In the past, significant space in this column has been dedicated to reprinting segments from a series of articles that appeared in the Sacramento Bee in May of 1950.
The articles were written to commemorate the significant role that the V&T played in one of the greatest mining episodes of the American West. Although these articles preceded the V&T's last official day of operation, an IP article penned by Nevada author Robert Laxalt, appeared on the front page of the Oakland Tribune on the very day the old V&T puffed its way over the horizon for the last time.
Following is a copy of the article that appeared in the Tribune on May 31, 1950.
"Rail Link to Roaring Past Makes Last Trip"
By Robert Laxalt
Carson City, Nev., May 31
-(IP)- Another chapter in the passing history of the old west was closed here today when the Virginia and Truckee railway made its last run.
The 81-year-old shortline, whose story is the story of Virginia City, was laid to rest - the loser in a hopeless battle with the modern age, its highways, its faster modes of transportation.
As in the days of its birth, the Virginia and Truckee's yellow wooden coaches were filled with passengers for its last trip.
But the ride was not a joyous one. For one and all, the "last ride on the V and T" carries the sadness of farewell.
As the railway's last locomotive tugged its way laboriously up the grade from Carson City to Lake View Hill and across the Washoe Valley, farmers in their fields stopped their work to watch the train go by.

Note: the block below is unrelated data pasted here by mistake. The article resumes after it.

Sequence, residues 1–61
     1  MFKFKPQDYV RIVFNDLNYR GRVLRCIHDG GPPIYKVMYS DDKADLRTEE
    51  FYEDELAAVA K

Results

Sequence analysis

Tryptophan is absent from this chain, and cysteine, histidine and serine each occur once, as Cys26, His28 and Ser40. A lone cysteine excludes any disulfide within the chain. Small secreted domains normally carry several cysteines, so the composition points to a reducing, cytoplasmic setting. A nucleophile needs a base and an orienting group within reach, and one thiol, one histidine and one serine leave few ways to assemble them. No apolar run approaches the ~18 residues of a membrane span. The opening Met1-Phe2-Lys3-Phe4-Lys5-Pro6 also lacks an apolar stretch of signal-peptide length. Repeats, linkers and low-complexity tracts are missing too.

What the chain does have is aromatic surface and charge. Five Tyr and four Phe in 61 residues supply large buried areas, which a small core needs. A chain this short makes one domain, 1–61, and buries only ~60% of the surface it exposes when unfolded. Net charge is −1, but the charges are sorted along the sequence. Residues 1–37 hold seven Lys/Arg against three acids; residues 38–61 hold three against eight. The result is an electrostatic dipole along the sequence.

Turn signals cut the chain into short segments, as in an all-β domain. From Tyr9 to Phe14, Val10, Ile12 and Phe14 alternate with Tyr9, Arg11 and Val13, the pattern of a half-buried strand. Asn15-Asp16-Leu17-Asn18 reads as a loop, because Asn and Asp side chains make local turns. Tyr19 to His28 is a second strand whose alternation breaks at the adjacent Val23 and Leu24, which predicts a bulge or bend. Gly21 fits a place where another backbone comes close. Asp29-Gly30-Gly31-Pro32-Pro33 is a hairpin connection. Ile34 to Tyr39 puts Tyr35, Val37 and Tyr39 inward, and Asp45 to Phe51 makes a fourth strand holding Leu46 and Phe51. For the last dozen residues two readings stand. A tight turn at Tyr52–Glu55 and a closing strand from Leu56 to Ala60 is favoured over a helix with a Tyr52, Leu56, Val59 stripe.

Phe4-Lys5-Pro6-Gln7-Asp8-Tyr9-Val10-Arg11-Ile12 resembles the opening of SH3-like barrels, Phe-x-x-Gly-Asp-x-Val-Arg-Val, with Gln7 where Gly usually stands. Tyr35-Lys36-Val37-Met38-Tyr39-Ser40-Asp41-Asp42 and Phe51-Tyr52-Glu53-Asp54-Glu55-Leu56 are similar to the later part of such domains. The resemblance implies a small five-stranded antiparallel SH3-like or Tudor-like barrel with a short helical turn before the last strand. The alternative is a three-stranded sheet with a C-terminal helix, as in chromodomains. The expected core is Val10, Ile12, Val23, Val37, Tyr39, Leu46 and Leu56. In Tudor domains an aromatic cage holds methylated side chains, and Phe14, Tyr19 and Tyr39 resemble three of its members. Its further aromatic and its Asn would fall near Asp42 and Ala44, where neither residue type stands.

For as long as many of them can remember, the piping blast of the V and T's whistle had marked a new dawn, and its return in the late afternoon across the shadow of the looming Sierra had been the signal that the day's work was done.
They can remember how the ox-teams labored to pull the first shining locomotive up the precipitous Geiger Grade to Virginia City for the first welcome; they can remember the V and T's first trip in that year of 1869 amid the tumult of cheers from Virginia City's teeming thousands in the lusty heyday of the Comstock Lode; they can remember the proud days of the railways' glory, when it carried the rich gold and silver ore - "the wealth that built San Francisco;" they can remember President U.S. Grant's gasp of admiration at the gaudy yellow coaches, the plush-lined seats, and the shining new track.
And they can remember the time when the V and T began to die, when Virginia City's thousands had vanished, when its mines lay abandoned, when voices sounded hollow in the once-roaring saloons. And finally, they can remember the deathblow - when the track to Virginia City was abandoned, when the railway fought for survival, selling its locomotives and coaches to movie studios, to world fairs, to museums.
And now as they climbed down from the little shortline for the last time, they had the memory that ends the chapter - "the last ride on the V and T."